There are a lot of drugs on the market that affect the gastrointestinal system and gabapentin is one of them. A little stomach upset is normal; however, if your dog is vomiting excessively, has dark, tarry stool or shows signs of allergic reaction (hives or difficulty breathing) acontact the veterinarian immediately.
Gabapentin Dosage for Dogs
The right gabapentin dosage for dogs is 5 – 10 mg/kg, administered orally every 8 hours. This dosage (the International Veterinary Academy for Pain Management), is a guideline for veterinarians. Dosage may change depending on how your dog responds to the treatment. If your dog has epilepsy, the gabapentin dosage for dogs is generally a little higher.
According to a recent report by CBS News, authorities are worried about gabapentin abuse in people, calling it the alternative to opioids. Read about it here: CBS NEWS.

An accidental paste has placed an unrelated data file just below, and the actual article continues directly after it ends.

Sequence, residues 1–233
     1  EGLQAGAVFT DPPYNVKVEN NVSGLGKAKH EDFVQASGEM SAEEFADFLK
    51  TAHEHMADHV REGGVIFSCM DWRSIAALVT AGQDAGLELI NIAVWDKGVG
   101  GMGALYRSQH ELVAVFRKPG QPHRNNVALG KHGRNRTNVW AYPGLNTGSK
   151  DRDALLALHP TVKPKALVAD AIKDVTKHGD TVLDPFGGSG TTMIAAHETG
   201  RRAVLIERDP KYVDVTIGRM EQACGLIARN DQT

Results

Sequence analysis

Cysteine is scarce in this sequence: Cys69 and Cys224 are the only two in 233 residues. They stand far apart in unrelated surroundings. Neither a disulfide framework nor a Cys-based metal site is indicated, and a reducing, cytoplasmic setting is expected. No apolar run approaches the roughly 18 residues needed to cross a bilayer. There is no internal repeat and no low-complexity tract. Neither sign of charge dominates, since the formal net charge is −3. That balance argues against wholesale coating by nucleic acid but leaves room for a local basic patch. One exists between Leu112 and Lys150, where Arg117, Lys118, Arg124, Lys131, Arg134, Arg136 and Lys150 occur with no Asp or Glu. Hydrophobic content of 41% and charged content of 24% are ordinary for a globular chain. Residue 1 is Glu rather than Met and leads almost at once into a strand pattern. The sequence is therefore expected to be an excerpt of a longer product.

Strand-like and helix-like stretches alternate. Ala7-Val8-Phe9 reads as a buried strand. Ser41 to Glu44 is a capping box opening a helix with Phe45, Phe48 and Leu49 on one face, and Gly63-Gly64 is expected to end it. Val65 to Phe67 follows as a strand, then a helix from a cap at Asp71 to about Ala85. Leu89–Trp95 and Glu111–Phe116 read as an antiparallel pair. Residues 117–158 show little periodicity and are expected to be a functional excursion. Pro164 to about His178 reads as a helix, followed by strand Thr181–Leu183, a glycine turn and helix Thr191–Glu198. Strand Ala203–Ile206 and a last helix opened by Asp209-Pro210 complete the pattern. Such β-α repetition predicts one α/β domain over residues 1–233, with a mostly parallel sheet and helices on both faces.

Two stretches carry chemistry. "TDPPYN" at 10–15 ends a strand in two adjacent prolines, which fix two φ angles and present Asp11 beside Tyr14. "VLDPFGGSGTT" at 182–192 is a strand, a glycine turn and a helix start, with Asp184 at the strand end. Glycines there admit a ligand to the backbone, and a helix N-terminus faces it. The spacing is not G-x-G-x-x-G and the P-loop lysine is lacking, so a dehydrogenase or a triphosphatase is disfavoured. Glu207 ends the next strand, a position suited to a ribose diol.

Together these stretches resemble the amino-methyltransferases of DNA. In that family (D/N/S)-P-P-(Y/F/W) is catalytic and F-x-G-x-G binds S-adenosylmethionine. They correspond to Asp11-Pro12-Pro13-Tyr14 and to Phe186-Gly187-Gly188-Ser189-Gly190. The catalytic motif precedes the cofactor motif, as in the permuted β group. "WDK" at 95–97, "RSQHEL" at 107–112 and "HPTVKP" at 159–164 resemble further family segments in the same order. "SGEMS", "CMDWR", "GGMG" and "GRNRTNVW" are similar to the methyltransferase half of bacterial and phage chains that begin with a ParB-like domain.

The formulation used for dogs is the 100 mg capsule. Since the drug is required by prescription only, you don’t have to worry…your veterinarian will know which one to administer.
For reference: 1 kilogram is the equivalent of approximately 2 pounds.
Reasons for Gabapentin Use in Dogs Include:
Slipped Disc Pain
Post Operative Pain
Cancer Pain (to boost the effectiveness of other medications)
The benefit of being able to supplement gabapentin with stronger drugs is the ability to limit the severity of gabapentin (and other) side-effects in dogs.
Where to Buy Gabapentin for Dogs
In this case, you’ll need a veterinarian prescription before you can purchase gabapentin online. Ask the veterinarian for ethical, legit online pharmacies. You can also check with the National Association Boards of Pharmacy to find out if a particular pharmacy is licensed. Click on the link above to find the Board of Pharmacy for your state.